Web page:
For that, I plead guilty. I really did think that any president that presided over the loss of 1.8 million private sector jobs and responded by giving tax cuts to the wealthy would be looking for a job of his own soon. I thought, mistakenly, that any administration that could turn a $236 billion surplus into a $422 billion deficit in four years would be thrown out on its ear. I believed, wrongly, that anyone who could turn a blind eye to the kind of corporate scandals represented by Enron and WorldCom and all the rest would one day have to face the wrath of angry voters himself.
What’s more, I thought anyone who allowed nine million Americans to lose access to health insurance during his administration would be trounced on Election Day. I held that a government who rejected a worldwide treaty to protect the environment, like Bush did in 2001 with the Kyoto Treaty on global warming, would be rejected at the polls.
In my erroneous delusion, I assumed that if someone violated the civil liberties of an American citizen by locking him up in secret without charging him with a crime, like President Bush’s Justice Dept. did with alleged “dirty bomber” Jose Padilla, he would somehow be held accountable. And that if you rounded up 5,000 foreign nationals in antiterrorism sweeps and didn’t find a terrorist among them, people might be worried.
Even worse – and here’s the real kicker – I thought that if the person entrusted with the highest office in the land somehow managed to get the country involved in a war it couldn’t win by invading another country with no justification whatsoever, sacrificed American lives for political ideology and revenge, created hostility and hatred for American ideals around the world, and called anyone who criticized him “unpatriotic”, well, I thought for sure the American people would tell him to go fuck himself.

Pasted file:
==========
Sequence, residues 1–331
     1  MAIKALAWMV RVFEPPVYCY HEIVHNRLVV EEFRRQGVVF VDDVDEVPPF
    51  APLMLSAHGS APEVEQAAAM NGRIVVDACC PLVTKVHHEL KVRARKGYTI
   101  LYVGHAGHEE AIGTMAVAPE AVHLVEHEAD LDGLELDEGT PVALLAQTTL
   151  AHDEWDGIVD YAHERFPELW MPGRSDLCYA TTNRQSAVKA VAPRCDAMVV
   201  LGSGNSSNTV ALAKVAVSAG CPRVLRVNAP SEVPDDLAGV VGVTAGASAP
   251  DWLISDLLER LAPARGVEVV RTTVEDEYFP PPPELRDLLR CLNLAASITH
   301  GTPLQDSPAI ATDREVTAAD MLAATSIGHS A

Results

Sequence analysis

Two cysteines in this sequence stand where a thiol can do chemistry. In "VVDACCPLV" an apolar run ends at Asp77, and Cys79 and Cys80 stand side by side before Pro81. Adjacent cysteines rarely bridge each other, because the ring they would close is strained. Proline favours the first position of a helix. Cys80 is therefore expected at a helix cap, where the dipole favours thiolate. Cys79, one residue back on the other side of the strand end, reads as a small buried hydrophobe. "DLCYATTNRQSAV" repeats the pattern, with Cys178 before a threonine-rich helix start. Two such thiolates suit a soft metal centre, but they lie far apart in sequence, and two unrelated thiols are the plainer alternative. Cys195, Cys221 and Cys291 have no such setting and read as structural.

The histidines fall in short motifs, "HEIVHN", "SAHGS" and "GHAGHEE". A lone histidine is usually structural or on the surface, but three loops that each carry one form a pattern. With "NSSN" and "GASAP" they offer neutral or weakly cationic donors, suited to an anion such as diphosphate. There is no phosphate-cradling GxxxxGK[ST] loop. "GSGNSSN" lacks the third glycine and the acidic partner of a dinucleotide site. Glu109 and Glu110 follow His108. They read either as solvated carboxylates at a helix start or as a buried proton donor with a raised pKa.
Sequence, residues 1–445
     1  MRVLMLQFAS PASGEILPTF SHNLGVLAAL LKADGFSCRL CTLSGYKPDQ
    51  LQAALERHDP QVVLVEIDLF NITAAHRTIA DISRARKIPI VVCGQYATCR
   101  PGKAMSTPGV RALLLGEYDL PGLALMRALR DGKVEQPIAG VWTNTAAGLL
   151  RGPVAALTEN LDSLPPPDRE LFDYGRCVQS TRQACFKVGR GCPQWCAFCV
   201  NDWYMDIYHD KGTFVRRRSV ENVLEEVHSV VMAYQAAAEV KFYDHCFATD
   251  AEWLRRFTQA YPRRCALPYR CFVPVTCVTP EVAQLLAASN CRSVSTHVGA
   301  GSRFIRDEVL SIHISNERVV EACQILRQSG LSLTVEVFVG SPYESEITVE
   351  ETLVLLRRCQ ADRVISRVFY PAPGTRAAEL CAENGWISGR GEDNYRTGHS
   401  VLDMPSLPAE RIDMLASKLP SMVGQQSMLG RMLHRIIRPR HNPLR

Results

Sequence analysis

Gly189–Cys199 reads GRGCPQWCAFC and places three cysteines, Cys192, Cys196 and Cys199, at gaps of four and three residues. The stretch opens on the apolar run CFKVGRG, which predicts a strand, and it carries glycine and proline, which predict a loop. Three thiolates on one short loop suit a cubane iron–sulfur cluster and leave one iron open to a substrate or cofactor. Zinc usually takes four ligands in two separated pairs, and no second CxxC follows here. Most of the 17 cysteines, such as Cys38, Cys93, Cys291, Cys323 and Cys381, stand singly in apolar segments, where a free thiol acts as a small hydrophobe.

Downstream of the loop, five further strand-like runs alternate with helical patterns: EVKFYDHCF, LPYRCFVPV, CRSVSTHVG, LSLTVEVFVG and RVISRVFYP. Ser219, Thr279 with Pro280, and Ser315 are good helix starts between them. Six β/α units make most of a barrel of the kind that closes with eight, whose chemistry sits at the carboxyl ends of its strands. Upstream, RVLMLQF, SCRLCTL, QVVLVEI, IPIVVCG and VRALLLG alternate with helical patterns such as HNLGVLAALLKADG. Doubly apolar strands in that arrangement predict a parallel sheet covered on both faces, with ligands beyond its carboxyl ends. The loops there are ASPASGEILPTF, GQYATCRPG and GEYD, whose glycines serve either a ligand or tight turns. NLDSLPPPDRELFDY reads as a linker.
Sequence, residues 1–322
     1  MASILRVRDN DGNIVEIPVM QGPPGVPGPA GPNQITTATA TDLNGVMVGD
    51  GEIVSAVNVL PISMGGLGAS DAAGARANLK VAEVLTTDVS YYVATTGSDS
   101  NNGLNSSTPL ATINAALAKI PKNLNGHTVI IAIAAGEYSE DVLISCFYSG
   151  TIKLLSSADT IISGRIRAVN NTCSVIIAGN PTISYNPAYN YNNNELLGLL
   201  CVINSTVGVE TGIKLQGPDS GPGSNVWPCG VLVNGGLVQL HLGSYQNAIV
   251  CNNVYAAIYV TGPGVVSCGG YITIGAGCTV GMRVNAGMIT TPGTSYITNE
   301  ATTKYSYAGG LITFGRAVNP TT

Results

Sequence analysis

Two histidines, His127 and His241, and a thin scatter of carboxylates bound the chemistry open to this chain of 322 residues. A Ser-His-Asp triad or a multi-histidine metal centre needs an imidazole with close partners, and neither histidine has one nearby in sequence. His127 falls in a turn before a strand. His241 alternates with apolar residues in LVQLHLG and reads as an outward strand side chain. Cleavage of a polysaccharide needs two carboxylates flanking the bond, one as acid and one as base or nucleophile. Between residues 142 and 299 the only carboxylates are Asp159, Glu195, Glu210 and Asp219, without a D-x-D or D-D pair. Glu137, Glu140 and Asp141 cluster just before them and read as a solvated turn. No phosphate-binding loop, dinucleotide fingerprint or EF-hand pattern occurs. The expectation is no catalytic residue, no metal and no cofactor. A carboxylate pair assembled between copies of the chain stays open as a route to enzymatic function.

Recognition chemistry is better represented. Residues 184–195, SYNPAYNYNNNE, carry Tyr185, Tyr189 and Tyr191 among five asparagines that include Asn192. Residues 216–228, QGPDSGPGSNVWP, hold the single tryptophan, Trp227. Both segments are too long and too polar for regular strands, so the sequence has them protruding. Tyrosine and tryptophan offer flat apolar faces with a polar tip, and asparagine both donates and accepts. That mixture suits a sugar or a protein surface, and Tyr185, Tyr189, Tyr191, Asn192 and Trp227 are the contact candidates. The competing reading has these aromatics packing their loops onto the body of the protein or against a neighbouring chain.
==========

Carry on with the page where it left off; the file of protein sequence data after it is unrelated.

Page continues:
After all, I was banking on the idea that Americans sickened by the images of American soldiers torturing and humiliating Iraqi prisoners in Abu Ghraib would find some way to express their shock and revulsion over what has happened to their beloved country. And quite frankly, I thought a man who skipped service in the armed forces but managed to smear the record of a war hero – while sending American soldiers off to die – would have to pay in the end.
And I trusted that if the American people saw how their president failed to capture the one man who was responsible for ordering the greatest mass murder on American soil – Osama bin Laden – while still spending $140 billion dollars on killing innocent civilians elsewhere, they would rise up and vote George Bush out of office in a heartbeat.
But I guess I was wrong. Bush won, Kerry lost, and more than half of the country seems perfectly happy with the way things turned out.
See? I told you I don’t know anything about politics.
Mark Anderson is based in Chicago. Visit him at www.thesentimentalist.com